For more information on Sika’s products and services call 01707 394444, email sarnafilroofing@uk.sika.com or visit gbr.sika.com

Now available is the Rinnai HDC 1200i continuous flow hot water unit with the capacity to deliver in excess of 1500 litres of temperature accurate hot water per hour, with an overall gross efficiency of more than 95%. These levels of performance, with unbeatable efficiency levels, mean the Rinnai 1200i is more than capable of meeting and exceeding the hot water demands of all applications.

This precision engineered unit can also be combined as multiple units into one single, easy to handle module incorporating cascade frames and common flue. Both the HDC 1200 internal and external models turn in a market leading energy performance of 107% net efficiency and offer superlative ranges of modulation. The systems internal analytical system can modulate the burner from 54kw to 2.4kw. The Rinnai HDC 1200i is engineered for minimal energy wastage and maximum energy performance.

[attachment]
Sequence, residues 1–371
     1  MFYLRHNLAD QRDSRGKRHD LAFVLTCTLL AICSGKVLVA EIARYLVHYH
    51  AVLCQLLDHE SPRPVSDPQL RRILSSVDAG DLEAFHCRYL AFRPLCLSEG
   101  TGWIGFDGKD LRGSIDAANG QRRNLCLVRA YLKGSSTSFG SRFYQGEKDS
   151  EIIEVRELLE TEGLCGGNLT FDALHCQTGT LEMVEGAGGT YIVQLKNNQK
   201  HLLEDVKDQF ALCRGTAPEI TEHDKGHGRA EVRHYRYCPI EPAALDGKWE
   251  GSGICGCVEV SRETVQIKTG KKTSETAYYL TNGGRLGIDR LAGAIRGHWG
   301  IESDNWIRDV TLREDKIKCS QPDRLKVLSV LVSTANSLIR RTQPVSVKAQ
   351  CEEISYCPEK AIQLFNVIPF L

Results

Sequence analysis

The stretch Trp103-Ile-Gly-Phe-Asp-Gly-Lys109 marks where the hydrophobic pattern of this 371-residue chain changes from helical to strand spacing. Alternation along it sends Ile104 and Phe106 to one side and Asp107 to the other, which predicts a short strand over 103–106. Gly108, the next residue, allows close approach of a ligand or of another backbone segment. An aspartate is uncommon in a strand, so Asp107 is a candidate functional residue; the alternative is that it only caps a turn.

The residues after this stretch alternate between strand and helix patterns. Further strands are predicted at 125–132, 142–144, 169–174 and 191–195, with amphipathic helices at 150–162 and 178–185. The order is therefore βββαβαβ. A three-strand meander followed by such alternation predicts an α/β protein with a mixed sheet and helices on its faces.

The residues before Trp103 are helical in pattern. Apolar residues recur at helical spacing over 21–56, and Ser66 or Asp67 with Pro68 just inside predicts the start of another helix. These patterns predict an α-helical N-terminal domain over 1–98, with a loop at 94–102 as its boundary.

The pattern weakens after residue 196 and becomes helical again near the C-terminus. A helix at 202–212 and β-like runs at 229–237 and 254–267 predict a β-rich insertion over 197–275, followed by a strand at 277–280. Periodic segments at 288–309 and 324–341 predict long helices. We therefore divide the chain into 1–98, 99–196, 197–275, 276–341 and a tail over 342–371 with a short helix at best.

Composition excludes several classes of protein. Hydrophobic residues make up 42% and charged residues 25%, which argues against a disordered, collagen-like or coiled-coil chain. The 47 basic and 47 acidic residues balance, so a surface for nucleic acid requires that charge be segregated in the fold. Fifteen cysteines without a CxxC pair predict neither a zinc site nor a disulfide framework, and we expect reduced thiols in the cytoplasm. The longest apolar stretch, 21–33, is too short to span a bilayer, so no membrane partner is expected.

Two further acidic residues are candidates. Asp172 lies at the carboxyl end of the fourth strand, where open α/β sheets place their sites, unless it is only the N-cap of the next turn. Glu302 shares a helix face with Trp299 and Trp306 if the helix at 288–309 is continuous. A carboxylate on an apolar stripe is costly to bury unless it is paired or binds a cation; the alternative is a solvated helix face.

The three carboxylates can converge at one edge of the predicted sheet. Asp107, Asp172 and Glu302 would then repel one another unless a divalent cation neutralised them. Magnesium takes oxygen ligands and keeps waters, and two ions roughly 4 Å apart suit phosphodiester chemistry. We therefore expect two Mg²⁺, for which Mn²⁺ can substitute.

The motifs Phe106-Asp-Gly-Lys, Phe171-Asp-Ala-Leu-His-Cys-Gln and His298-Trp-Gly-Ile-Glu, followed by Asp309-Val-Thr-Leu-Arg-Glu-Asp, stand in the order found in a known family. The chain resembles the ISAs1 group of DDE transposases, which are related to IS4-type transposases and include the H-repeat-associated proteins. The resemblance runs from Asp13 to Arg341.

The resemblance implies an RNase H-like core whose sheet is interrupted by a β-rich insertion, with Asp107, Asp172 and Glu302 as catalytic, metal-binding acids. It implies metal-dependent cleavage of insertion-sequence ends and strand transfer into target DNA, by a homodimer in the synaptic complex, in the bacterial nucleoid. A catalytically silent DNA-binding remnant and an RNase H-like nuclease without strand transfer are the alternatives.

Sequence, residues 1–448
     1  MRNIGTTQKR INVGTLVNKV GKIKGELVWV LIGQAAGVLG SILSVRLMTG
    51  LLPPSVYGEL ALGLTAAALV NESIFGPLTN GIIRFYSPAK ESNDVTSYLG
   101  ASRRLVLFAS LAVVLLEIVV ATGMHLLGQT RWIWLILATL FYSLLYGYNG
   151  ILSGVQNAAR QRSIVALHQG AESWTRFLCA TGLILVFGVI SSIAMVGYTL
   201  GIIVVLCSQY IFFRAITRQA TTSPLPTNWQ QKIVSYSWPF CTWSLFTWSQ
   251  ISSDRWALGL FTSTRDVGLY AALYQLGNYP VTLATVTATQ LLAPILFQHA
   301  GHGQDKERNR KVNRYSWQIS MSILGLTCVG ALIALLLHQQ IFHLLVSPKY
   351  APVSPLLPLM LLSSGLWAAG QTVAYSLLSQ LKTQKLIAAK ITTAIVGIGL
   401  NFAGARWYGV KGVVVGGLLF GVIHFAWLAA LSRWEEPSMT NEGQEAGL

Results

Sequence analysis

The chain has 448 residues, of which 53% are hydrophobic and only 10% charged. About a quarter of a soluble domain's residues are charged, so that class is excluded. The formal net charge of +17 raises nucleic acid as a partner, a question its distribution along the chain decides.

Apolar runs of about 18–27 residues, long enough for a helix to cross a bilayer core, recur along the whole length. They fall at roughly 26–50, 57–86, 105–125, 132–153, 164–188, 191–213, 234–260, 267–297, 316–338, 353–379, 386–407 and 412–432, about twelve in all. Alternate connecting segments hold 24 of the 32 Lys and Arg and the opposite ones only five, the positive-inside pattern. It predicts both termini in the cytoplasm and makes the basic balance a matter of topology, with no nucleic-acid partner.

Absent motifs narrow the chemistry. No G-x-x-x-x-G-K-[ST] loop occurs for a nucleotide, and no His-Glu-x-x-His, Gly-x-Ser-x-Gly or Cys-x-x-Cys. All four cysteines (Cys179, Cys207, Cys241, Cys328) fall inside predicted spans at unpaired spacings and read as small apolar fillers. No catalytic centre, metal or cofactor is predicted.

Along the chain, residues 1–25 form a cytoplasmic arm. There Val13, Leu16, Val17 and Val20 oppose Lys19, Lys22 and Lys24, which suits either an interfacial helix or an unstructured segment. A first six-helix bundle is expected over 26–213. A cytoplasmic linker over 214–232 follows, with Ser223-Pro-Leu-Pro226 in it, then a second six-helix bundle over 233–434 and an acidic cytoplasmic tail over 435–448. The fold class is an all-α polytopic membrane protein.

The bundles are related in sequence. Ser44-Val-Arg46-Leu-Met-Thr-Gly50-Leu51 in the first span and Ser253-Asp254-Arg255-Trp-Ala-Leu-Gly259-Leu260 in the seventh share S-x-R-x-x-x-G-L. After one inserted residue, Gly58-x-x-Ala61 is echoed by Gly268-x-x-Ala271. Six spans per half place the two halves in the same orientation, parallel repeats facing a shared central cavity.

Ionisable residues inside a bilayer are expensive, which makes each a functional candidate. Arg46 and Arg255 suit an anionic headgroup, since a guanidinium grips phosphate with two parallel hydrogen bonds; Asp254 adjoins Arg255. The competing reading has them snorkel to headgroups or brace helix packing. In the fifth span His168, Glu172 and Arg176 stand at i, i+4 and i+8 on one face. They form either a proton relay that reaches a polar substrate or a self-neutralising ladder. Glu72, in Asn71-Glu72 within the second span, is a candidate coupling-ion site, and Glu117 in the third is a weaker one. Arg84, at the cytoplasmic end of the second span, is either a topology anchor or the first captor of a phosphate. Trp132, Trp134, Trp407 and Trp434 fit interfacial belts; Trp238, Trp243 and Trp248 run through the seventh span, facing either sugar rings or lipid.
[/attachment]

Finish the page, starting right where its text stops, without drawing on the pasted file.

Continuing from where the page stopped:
It is worth remembering that Part L of the Building Regulations 2013 has set minimum thermal efficiency levels of 90% for natural and 92% for LPG, consequently outlawing non-condensing gas fired water heaters for use in new build projects.

Rinnai is the only manufacturer that can supply a complete range of internal and external ultra-high efficiency condensing continuous flow water heaters, aligned not only to comply but surpass changes on the regulatory horizon.

Rinnai units and systems are now the number one choice for any size of site or large building or business with a heavy demand for constant hot water or where high peaks of demand occur at certain times. Any number of modules can be manifolded, so the water handling capacity is truly infinite and there is no risk of the ‘cascade’ of hot water ever running out.